The Thinker ( French: Le Penseur ) is a bronze and marble sculpture by Auguste Rodin held in the Musee Rodin in Paris, France. It depicts a man in sober meditation battling with a powerful internal struggle. It is often used to represent philosophy.
Originally named The Poet, the piece was part of a commission by the Musee des Arts Decoratifs, Paris to create a monumental portal to act as the door of the museum. Rodin based his theme on The Divine Comedy of Dante and entitled the portal The Gates of Hell. Each of the statues in the piece represented one of the main characters in the epic poem.
The Thinker was originally meant to depict Dante in front of the Gates of Hell, pondering his great poem. (In the final sculpture, a miniature of the statue sits atop the gates, pondering the hellish fate of those beneath him).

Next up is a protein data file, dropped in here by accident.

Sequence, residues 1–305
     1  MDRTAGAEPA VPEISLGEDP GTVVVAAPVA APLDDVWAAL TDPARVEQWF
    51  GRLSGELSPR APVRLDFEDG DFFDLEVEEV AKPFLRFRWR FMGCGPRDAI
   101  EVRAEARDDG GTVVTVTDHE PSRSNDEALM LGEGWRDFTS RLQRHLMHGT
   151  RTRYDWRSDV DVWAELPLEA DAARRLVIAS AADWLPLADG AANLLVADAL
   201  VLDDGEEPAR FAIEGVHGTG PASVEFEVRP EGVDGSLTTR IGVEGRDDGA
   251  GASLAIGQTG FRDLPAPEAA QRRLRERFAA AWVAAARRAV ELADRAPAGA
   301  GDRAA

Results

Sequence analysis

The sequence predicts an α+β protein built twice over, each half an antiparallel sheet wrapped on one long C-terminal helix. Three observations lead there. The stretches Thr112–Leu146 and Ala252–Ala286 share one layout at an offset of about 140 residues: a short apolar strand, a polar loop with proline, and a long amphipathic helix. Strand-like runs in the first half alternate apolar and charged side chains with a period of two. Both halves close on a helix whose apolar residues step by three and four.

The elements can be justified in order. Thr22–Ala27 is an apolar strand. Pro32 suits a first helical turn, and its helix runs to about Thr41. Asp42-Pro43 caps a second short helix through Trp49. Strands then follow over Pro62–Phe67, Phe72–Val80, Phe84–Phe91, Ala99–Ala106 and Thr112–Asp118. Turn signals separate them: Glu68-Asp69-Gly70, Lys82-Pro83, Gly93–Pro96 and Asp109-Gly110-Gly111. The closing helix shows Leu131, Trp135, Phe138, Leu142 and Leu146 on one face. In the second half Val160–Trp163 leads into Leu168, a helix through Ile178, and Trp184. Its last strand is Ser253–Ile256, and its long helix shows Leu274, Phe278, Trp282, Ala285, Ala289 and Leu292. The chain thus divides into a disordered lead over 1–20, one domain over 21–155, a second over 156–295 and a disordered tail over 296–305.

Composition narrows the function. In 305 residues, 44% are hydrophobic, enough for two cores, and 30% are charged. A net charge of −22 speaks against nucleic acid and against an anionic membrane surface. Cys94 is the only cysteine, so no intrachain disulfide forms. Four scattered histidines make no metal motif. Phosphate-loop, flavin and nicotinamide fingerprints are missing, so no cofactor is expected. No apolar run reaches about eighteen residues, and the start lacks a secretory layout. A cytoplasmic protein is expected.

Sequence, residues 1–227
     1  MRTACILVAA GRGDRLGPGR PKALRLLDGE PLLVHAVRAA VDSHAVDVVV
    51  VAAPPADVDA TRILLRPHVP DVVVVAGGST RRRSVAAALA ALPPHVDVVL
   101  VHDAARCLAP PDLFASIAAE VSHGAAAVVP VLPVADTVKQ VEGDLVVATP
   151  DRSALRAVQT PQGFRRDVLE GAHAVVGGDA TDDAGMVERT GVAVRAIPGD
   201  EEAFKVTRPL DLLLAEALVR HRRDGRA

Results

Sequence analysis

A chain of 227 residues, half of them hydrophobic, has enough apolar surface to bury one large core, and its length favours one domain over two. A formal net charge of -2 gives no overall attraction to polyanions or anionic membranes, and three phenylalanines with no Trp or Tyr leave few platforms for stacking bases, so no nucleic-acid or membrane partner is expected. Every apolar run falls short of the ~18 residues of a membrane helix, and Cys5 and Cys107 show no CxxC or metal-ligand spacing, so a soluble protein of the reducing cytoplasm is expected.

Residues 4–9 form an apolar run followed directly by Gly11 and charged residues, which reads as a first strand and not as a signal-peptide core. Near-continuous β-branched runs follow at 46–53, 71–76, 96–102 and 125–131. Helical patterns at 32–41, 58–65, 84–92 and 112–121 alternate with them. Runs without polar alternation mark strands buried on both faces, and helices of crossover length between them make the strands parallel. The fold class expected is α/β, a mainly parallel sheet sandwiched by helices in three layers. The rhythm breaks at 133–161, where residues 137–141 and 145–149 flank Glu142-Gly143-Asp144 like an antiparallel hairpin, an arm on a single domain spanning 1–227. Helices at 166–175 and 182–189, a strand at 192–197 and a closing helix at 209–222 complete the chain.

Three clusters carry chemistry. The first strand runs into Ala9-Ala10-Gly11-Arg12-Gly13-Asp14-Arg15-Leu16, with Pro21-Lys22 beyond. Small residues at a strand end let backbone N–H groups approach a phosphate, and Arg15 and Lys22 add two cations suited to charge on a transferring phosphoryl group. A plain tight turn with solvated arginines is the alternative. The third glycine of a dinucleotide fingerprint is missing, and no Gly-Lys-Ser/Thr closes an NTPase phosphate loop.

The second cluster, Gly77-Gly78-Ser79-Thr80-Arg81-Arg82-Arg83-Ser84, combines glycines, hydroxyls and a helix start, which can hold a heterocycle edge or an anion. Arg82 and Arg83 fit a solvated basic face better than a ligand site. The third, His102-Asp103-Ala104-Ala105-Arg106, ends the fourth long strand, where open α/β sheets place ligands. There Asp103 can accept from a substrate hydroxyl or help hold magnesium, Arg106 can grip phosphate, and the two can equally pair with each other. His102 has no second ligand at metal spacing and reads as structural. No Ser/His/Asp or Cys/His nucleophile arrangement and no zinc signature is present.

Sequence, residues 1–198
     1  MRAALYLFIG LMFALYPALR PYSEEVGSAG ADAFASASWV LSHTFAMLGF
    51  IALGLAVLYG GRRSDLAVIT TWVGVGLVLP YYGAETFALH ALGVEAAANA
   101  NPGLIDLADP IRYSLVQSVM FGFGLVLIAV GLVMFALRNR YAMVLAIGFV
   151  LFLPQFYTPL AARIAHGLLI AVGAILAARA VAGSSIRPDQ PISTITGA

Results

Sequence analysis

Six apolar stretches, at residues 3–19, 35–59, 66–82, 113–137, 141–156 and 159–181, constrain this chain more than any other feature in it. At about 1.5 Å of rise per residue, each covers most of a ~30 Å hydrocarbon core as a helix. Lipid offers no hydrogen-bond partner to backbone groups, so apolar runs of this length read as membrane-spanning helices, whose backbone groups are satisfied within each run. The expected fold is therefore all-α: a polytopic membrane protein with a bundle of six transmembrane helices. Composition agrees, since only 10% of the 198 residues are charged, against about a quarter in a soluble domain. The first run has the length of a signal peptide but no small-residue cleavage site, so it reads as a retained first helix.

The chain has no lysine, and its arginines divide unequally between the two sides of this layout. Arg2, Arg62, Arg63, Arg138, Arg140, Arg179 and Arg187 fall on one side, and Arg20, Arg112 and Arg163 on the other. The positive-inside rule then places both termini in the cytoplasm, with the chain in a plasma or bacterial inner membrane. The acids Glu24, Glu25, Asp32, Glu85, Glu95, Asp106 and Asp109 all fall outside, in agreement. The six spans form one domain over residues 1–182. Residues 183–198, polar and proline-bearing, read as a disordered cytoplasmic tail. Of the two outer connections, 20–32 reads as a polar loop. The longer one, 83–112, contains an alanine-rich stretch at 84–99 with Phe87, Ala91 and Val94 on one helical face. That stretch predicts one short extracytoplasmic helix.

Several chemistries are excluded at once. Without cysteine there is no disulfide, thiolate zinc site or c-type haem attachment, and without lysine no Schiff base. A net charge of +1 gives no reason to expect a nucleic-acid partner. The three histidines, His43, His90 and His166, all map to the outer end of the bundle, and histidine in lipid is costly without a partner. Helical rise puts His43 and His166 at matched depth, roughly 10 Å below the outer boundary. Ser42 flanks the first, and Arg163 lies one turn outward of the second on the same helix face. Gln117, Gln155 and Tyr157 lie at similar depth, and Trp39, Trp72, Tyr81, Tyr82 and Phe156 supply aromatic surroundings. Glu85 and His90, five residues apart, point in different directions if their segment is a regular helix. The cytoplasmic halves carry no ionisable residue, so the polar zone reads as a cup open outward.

The sculpture is nude, as Rodin wanted a heroic figure in the tradition of Michelangelo, to represent intellect as well as poetry.
Rodin made a first small plaster version around 1880. The first large-scale bronze cast was finished in 1902, but not presented to the public until 1904. It became the property of the city of Paris – thanks to a subscription organized by Rodin admirers – and was put in front of the Pantheon in 1906. In 1922, it was moved to the Hotel Biron, which was transformed into a Rodin Museum.
More than any other Rodin sculpture, The Thinker moved into the popular imagination as an immediately recognizable icon of intellectual activity; consequently, it has been subject to endless satirical use. This started in Rodin's lifetime.